I attended the September 17th public scoping meeting regarding the environmental impact of the proposed transfer of the Jewish Home Lifecare center from West 106th Street to West 97th Street. My wife and I live across Columbus Avenue from the proposed facility.
The environmental impact statement should include consideration of a range of issues. They include:
1 – Traffic. My wife and I are out and about on West 97th Street several times daily, from early morning to late at night. Traffic both from the east via the 97th Street transverse and from Columbus Avenue is heavy. Whole Foods trucks, ambulettes to the Ryan Health Center and schoolbuses clog up the block even more. Ambulances have a hard time getting through. Traffic to and from a proposed 20-story facility – during and after construction – will make a really bad situation even worse.
2 – Noise. Much traffic causes lots of noise. Assuming the construction of the proposed facility goes on 2-3 years, it’s hard to imagine how the children of P.S. 163 next door can learn properly, and it will be extremely unpleasant for all the many residential neighbors.
3 – Lead, toxins. It’s clear harmful toxins are in the ground of the current parking lot where the new facility is proposed. I would not want my child exposed to these toxins many hours each schoolday, and am concerned about living within a block of the proposed construction site.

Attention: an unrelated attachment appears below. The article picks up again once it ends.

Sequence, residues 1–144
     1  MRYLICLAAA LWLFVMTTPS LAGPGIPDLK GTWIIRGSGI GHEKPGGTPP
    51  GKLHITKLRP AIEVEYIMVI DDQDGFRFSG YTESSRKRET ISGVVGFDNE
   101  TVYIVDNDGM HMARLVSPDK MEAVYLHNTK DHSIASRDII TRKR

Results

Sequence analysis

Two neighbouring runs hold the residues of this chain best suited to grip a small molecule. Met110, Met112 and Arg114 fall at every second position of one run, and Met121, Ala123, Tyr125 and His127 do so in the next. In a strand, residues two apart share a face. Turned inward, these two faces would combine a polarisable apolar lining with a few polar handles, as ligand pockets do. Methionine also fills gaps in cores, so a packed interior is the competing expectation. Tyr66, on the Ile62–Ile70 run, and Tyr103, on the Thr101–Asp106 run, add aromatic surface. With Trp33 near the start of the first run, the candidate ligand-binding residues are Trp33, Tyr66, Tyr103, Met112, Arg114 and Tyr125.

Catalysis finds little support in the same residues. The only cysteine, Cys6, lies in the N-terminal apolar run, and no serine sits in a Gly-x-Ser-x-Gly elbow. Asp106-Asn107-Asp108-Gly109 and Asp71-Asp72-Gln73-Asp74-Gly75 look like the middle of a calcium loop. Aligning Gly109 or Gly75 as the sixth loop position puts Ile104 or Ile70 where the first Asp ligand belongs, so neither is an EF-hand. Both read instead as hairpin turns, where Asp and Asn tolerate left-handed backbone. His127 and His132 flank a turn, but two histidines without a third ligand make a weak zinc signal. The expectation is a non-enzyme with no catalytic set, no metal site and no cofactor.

4 – Safety. Besides the real question of safety of children at P.S. 163, I agree with several speakers at the Sept. 17 hearing that a 20-story nursing home cannot provide proper safety for its residents. I routinely visit friends in Manhattan nursing homes. The elevators are slow. I don’t see how residents on upper floors could be evacuated swiftly in case of emergency.
May I suggest a simple test: Would you or anyone you know want to live under the conditions I and others have discussed? I think not. Jewish Home Lifecare was given a variance to build up on 106th Street. Let them take advantage of this variance there, and not cause untold hardship and real damage on West 97th Street.
- Glenn Richter, West 97th Street
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